floppy disk nuclear missile usaShort Bytes: According to a report of the US Government Accounting Office, many important government institutions are still using more than 50-year-old systems to perform important tasks. While the U.S. Defense Department uses 8-inch floppy disks to handle the function of its nuclear force operations, the Treasury Department calculates tax returns on a 56-year-old IBM mainframe computer.

In a recent report, the US Government Accounting Office has shed some light upon the nation’s IT infrastructure. While this document reveals many important facts, floppy disks holds a very important place in America’s defense.

After several decades, the U.S. Defense Department still uses 8-inch floppy disks that take care of the operation functions of country’s nuclear forces. These floppy disks are capable of storing just 80KB of data.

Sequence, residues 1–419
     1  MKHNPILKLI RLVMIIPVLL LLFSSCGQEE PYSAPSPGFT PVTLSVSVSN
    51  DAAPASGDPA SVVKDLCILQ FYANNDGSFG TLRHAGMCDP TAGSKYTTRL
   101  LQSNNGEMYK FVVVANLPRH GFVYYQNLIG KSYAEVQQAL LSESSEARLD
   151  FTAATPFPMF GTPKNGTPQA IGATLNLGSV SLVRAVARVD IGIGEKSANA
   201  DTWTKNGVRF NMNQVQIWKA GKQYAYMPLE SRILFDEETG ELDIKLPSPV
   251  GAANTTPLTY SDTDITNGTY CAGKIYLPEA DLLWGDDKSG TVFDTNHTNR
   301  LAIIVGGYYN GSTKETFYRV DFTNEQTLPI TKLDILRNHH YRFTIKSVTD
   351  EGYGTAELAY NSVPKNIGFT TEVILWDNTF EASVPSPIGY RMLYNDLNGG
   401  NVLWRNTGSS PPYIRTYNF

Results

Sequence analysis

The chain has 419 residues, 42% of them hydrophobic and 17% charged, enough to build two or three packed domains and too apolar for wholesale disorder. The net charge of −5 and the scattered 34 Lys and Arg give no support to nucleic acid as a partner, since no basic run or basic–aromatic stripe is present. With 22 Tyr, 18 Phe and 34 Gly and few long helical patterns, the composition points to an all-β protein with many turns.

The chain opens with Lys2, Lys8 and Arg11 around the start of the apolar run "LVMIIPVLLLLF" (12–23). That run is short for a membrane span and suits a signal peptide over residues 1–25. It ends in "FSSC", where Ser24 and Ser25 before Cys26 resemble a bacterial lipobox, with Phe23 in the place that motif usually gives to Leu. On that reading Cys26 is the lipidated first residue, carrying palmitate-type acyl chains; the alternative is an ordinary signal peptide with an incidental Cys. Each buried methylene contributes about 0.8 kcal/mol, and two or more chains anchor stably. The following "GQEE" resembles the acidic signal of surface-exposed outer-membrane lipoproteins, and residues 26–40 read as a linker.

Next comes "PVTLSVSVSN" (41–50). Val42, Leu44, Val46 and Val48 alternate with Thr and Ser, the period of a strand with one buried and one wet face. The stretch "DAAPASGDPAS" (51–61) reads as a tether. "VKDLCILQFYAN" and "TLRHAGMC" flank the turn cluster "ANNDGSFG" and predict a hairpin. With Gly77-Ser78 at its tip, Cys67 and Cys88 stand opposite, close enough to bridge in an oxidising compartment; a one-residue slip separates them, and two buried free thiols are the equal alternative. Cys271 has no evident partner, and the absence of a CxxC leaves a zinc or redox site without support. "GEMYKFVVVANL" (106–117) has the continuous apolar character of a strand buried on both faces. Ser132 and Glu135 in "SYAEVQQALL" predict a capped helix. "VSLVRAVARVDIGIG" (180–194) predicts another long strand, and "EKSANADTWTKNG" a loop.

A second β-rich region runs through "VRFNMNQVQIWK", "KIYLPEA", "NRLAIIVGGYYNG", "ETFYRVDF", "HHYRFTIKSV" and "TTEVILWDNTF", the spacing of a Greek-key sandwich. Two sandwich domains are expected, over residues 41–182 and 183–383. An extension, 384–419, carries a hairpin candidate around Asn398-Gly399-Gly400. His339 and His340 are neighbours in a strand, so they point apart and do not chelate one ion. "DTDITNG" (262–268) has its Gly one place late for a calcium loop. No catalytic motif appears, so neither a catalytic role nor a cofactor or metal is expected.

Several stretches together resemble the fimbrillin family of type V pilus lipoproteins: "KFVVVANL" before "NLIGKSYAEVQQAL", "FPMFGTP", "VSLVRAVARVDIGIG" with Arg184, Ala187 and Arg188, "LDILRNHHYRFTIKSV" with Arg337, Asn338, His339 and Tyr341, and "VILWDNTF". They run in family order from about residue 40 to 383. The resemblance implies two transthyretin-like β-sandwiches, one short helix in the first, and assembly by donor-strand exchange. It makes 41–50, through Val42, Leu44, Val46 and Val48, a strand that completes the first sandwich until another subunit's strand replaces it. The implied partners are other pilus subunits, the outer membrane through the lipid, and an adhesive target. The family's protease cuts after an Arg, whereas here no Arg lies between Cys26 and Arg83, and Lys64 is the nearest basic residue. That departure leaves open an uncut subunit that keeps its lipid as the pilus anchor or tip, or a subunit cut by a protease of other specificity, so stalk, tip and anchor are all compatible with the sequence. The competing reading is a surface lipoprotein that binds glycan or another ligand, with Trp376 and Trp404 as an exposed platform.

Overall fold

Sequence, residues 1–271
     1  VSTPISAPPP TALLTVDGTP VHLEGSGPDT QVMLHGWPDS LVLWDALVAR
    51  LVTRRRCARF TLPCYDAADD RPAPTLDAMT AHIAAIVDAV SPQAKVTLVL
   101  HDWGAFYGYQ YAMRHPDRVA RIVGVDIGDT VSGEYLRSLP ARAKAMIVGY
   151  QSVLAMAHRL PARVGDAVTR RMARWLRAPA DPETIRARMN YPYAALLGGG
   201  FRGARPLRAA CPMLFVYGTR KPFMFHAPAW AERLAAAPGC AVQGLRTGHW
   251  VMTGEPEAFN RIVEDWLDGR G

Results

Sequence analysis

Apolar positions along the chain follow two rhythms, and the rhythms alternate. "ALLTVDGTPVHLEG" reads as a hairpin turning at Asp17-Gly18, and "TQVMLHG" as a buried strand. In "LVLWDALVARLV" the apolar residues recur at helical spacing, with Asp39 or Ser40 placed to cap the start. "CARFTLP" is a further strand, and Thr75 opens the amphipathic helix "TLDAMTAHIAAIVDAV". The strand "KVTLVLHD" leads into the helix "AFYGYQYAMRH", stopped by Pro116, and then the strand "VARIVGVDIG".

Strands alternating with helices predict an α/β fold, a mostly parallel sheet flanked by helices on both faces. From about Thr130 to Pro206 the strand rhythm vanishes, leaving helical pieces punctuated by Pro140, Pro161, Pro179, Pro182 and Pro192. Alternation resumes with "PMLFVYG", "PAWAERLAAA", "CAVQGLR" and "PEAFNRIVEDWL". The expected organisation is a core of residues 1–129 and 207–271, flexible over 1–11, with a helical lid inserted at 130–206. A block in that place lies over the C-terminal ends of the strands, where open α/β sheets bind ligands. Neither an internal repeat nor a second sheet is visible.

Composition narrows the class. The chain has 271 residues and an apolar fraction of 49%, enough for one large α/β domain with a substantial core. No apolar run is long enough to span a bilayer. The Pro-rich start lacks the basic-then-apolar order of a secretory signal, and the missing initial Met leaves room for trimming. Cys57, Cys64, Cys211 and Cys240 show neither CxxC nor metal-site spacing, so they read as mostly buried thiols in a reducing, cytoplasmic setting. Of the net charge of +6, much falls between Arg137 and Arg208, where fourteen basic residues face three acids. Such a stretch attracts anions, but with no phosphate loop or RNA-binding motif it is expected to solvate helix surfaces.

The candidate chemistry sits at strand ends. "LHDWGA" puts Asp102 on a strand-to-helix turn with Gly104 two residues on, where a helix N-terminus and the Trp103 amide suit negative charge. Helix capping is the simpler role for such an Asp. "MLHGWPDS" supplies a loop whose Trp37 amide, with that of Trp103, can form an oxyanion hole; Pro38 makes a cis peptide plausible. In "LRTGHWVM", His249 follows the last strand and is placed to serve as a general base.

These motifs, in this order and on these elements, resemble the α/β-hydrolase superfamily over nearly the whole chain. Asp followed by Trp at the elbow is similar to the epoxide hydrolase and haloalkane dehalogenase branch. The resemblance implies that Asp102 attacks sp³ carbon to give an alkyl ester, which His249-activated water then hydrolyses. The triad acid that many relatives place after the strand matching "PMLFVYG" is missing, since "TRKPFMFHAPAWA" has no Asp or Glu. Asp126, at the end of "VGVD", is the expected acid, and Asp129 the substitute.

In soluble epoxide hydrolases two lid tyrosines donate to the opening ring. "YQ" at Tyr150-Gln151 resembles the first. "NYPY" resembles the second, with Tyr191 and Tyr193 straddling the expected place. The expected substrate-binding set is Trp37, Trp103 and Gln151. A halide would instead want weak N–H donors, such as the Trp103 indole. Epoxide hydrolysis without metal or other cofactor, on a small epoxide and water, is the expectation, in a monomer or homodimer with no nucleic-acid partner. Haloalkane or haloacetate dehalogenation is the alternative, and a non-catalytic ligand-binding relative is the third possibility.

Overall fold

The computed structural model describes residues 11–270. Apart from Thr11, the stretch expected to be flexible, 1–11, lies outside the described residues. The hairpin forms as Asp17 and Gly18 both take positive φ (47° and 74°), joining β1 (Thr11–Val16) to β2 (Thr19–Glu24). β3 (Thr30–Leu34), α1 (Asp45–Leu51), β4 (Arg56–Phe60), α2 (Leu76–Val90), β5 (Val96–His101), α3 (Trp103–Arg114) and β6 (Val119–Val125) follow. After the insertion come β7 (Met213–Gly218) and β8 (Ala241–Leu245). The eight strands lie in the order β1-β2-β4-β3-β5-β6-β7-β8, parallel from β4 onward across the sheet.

These floppy disks are still used in the department’s IBM Series/1 computer that handles the functions of nuclear bombers, tanker support aircraft, and intercontinental ballistic missiles.

Another shocking revelation comes from the Treasury Department that calculates tax returns on an IBM mainframe computer, that’s 56-year-old, in assembly code.

About such cases, here’s what the report has to say:

Federal legacy IT investments are becoming increasingly obsolete: many use outdated software languages and hardware parts that are unsupported. Agencies reported using several systems that have components that are, in some cases, at least 50 years old.

The similar cases of aging legacy systems have been found by the watchdog in the Department of Veterans Affairs, Department of Justice, and Social Security Administration.

While the Treasury Department has no firm plans to upgrade its systems, Defense has plans to upgrade its technology infrastructure soon.

The report also mentions that the 75 percent portion of $80bn spent on IT goes to keep the existing systems up and running. This portion is increasing each year, leaving less money for buying new computers.

Another point of concern is the lack of programmers who know the programming languages like COBOL and Fortran to take care of these systems and keep them running.

Have something to add? Share your views in the comments section below.

If you are willing to own a floppy disk, a technology that might soon become history, grab it here.